CRM professionals find strength in numbers--and in the growth of industry associations.
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The economic downturn has forced businesses to tighten their IT belts, which in many cases includes the elimination of perks like attending related trade shows and conferences. But while trade show attendance is waning, it seems that membership in trade associations and nonprofit groups has flourished, especially in the CRM sector.
Attendance at major trade shows in all industries, including IT, is down 25 to 35 percent, says Michael Hughes, research director at Tradeshow Week, a Los Angeles--based trade show publication. Meanwhile, in 2001 professionals put in 173 million hours working with their trade associations.
There are groups and associations for sales professionals, marketing staffers, customer care workers, call center representatives, CRM managers, and more. The services of each CRM industry association varies, but most provide product information, facilitate networking among members, have a Web site for posting information, and offer access to leading industry analysts, consultants, and vendors as speakers. Some groups go further and help build marketplaces, offer comprehensive job listings, have private messaging and bulletin board networks, offer certification for specific technologies, and lobby state and federal governments.
Ginger Cooper, president of the Customer Relationship Management Association, which started in Atlanta in 2000 and went national last spring, says that a tough economy means that users are attempting to leverage what they have. "It's a brutal economy and users need to problem solve," Cooper says. "The problems are the same as they were two years ago, but now people realize that they can learn a lot from others that are in the same boat."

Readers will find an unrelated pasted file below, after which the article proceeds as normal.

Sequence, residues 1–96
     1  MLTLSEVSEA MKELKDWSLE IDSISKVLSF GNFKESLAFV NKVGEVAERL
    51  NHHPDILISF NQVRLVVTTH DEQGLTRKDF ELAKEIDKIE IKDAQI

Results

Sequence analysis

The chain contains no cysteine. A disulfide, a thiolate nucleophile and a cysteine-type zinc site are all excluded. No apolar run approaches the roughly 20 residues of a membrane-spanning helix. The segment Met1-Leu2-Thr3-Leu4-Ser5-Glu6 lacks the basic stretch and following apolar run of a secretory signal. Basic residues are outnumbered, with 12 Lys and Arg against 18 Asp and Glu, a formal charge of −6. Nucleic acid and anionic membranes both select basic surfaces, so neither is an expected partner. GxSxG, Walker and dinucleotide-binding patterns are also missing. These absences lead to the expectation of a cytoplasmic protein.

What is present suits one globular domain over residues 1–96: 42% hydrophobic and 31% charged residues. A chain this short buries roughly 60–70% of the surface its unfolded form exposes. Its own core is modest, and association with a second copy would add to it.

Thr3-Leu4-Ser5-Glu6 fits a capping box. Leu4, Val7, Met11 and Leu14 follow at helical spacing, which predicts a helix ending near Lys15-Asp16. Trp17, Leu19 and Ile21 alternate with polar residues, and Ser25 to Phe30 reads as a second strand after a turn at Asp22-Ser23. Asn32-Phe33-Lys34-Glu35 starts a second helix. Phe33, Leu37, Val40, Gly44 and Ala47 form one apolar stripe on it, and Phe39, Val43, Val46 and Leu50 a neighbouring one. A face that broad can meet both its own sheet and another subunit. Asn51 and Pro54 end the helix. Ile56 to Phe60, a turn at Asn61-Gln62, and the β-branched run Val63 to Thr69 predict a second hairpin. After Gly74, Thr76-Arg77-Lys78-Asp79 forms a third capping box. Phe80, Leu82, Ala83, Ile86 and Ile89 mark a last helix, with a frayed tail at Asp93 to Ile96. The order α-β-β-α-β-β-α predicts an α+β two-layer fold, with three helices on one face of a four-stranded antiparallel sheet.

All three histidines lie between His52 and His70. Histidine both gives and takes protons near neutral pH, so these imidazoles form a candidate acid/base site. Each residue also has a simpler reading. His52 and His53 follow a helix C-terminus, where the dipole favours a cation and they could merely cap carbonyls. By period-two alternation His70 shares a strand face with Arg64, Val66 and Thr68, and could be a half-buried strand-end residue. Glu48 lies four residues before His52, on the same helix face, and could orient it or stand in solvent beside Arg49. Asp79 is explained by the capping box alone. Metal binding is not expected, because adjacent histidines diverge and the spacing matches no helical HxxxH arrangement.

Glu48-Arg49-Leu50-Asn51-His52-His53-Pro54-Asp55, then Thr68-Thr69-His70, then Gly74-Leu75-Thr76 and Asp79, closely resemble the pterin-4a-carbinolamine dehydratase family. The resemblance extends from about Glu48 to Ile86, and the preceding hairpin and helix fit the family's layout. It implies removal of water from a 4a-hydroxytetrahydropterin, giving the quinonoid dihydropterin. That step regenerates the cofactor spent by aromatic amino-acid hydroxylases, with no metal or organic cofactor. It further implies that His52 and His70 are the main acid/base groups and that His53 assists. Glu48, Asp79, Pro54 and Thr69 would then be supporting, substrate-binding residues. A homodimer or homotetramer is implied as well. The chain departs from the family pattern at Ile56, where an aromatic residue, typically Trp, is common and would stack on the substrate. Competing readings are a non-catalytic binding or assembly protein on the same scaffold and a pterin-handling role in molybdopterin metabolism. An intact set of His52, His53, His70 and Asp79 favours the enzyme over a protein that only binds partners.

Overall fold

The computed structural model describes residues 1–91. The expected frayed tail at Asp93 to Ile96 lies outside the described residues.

Cooper says that the economic downturn also means that people are worried about been downsized, and any opportunity to network at the local level is a good thing.
And as more people flock to CRM-related associations and groups, vendors are taking notice. These vendors are often offering to sponsor events, provide speakers, make company representatives available, and generally do what they can to get in front of members.
Cooper says that might be somewhat acceptable in an association special interest group (SIG), like a Siebel-users SIG, but that she spends much of her time fending off vendor advances in order to bring her members a more unbiased look at the market. "In fact, we put a no-spam policy in place to prevent vendors from contacting our users," she says.
"The bottom line is that if we don't provide real value to people within user companies and help them be successful, then we will fail," says Jon Harris, a board member of the Chicago Metro Chapter of the CRM Association, which had its first meeting in early November.
Harris says striking a balance between different types of members (vendors, consultants, and user companies) is critical to ongoing success. He also says education is another key to success.
"There are a lot of managers that are responsible for CRM initiatives and there is a huge challenge to successful CRM implementations," he says. "So, more people are asking what are the skills needed to bring all the pieces together. The answer is education, and that is what we need to provide."
Learning by Association
Looking to share expertise and insights with peers? Here is a list of some CRM-related associations.
American Marketing Association: www.marketingpower.com
American Productivity and Quality Center: www.apqc.org
Association of Support Professionals: www.asponline.com
Call Center Network: www.ccng.com
Catalyst Foundation: www.crmmethodology.com
Consortium for Service Innovation: www.serviceinnovation.org
Customer Relationship Management Association: www.crm-a.org
Help Desk 2000: www.helpdesk2000.org
Help Desk Institute: www.helpdeskinst.com
The Information Technology Services Marketing Association:www.itsma.com
International Customer Service Association: www.icsa.com
National Association of Sales Professionals: www.nasp.com
National Association of Service Managers: www.nasm.com
Routes to Market Association: www.the-rtma.com
Service & Support Professionals Association: www.thesspa.com
Society of Consumer Affairs Professionals: www.socap.org
Strategic Account Management Association: jwww.strategicaccounts.com